TORONTO (Reuters) - The number of vehicles imported into Canada from the United States in 2008 is well on pace to break last year’s record high, according to data compiled by the North American Automobile Trade Association.
Canadians imported 151,169 vehicles as of June 30, more than double the amount for the same period a year earlier, and fast approaching the 189,738 vehicles imported throughout 2007.
“The strong Canadian dollar is definitely the force behind that (trend) and I think that Canadians are becoming more and more aware of the vast savings on some vehicles,” said Mark Sandelin, chief executive of Import Trader, a company that specializes in importing vehicles and heavy equipment from the United States.
Sandelin says once all the import fees have been taken into account, Canadians can expect to save, on average, between C$3,000 ($2,950) and C$4,000 ($3,930) on a vehicle selling for C$30,000 at a Canadian dealership. He added that Canadians can expect to save up to C$15,000 on luxury vehicles listed at C$75,000 and up in Canada.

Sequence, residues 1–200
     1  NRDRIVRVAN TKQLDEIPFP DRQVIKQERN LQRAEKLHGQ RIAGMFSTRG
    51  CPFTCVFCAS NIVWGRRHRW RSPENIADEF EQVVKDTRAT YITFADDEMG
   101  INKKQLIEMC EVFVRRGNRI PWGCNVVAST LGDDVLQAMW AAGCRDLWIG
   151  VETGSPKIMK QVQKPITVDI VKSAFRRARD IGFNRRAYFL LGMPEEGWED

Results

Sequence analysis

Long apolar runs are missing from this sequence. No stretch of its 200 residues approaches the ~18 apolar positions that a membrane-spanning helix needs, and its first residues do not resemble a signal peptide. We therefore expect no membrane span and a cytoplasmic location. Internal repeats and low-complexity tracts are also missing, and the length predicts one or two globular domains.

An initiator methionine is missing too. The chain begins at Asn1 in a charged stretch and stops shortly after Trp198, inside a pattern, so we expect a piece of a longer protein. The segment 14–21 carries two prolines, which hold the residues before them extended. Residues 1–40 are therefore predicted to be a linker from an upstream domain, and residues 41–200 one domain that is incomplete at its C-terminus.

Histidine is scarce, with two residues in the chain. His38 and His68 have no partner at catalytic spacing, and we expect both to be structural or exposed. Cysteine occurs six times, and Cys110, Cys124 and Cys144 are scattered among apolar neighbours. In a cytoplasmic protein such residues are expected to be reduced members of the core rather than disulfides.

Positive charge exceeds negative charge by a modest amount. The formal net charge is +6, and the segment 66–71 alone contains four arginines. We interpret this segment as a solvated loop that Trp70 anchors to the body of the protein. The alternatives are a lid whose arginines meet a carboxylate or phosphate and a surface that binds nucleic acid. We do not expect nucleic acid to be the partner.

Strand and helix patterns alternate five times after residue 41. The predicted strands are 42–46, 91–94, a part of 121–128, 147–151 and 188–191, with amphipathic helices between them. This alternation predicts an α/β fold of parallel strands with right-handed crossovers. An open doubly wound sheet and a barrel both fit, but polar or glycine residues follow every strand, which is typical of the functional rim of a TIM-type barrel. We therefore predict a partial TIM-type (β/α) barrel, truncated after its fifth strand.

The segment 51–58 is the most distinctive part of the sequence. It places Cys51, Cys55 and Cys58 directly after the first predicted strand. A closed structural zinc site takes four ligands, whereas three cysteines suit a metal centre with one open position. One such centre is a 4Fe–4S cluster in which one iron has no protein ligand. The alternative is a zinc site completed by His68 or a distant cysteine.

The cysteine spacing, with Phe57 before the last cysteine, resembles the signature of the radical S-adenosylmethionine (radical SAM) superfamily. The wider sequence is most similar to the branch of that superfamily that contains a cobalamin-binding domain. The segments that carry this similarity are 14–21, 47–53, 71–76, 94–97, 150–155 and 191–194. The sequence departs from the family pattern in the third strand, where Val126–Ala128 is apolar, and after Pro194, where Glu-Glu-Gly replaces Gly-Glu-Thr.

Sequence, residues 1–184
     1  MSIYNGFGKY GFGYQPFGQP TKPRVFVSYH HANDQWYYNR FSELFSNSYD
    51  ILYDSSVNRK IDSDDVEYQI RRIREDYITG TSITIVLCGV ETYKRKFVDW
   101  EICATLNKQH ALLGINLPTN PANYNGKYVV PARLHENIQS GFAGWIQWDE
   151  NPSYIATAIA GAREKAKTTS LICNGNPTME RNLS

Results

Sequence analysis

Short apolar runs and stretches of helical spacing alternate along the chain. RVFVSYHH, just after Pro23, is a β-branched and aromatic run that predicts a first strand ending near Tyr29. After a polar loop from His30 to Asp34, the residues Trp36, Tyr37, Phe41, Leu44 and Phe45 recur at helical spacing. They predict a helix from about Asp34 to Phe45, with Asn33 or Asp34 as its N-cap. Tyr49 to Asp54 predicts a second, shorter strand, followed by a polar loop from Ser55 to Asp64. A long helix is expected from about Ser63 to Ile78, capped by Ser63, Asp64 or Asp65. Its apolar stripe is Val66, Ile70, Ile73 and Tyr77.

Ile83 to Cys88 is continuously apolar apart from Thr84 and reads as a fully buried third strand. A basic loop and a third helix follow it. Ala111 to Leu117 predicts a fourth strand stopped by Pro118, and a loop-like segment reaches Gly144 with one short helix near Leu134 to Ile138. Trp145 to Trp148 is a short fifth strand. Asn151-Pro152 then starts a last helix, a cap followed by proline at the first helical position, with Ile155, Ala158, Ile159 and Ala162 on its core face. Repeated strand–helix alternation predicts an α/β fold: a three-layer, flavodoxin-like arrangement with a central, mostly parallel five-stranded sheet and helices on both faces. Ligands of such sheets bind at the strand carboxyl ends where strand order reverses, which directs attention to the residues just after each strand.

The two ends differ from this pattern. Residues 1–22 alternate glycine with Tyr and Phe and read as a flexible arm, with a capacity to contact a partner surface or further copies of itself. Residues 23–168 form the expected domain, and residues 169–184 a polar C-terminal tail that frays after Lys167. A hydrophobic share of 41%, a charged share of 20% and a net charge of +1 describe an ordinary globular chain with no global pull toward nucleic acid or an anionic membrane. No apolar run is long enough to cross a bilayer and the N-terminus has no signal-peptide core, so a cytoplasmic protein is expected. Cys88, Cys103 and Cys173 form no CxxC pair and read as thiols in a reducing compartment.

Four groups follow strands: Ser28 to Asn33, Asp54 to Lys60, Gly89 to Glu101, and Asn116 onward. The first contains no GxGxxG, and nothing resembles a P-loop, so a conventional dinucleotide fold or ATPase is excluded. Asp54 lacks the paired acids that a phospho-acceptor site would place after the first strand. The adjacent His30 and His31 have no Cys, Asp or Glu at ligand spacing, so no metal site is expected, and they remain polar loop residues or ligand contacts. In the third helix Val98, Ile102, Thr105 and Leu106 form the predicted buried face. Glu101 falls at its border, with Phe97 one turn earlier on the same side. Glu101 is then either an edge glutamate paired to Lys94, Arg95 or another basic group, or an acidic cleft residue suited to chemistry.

On Nissan Motor Co’s Canadian website the manufacturer’s suggested retail price for the 2008 Pathfinder S V6 is C$38,298. In the United States, the same vehicle is listed at $26,300.
Vehicle imports from the United States began to pick up in 2007, when the Canadian dollar reached parity with the U.S. currency for the first time in three decades.
Sandelin says Canadian dealers reacted by offering price adjustments and bonuses, but major price gaps remain.
“They (Canadian dealerships) didn’t make it the same price to import a U.S. vehicle after all your expenses as it is to buy one here.”
The survey doesn’t make a distinction between new and used vehicle imports, but Sandelin suspects it might be a 50-50 split.
“Manufacturers have told their U.S. dealers not to sell new vehicles to Canadians, however there are over 20,000 U.S. dealers and not everybody knows about the Canadian import situation,” Sandelin said.
Last week, the Canadian government made it easier for Canadians to import vehicles from the United States by introducing new bumper standards to match those currently in place in the United States and Europe.
Transport Minister Lawrence Cannon said the move will “offer more choice to Canadians who want to import vehicles while maintaining the safety of Canadians on the road.”
Reporting by Lionel Perron; Editing by Peter Galloway